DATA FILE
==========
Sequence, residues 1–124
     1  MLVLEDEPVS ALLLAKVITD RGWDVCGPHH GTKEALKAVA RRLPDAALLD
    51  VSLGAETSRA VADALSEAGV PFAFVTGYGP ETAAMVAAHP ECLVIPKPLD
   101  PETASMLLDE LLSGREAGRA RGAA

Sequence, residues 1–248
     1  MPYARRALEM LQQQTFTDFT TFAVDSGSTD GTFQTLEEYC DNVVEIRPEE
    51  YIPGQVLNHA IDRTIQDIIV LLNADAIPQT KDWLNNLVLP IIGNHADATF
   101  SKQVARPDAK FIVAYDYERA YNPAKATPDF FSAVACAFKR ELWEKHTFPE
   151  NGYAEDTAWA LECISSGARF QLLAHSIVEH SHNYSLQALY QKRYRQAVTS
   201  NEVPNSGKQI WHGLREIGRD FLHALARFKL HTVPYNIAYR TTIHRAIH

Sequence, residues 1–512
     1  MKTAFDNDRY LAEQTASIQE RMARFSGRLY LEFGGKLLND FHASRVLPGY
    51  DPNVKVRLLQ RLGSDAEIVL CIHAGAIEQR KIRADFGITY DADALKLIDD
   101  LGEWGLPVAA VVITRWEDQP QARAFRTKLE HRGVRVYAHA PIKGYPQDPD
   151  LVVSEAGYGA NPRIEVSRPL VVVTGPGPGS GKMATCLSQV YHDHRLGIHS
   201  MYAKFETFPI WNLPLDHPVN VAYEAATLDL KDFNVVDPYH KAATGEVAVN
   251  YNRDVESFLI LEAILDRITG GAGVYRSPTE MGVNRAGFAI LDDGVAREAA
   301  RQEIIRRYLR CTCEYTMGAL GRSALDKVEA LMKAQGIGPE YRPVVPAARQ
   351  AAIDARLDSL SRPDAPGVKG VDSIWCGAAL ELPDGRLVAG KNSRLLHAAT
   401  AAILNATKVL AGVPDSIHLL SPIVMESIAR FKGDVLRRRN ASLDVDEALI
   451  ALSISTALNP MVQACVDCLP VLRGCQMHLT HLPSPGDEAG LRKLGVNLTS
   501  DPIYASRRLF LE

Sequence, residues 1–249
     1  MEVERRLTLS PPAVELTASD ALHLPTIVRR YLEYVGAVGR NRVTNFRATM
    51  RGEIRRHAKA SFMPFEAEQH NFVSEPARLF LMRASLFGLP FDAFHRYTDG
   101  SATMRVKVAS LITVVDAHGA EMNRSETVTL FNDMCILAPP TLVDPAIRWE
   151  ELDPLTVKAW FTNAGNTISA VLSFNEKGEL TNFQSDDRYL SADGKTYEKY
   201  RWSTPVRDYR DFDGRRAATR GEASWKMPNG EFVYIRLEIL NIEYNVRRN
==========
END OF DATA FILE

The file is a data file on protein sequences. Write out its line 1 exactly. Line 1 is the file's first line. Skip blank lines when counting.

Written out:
Sequence, residues 1–124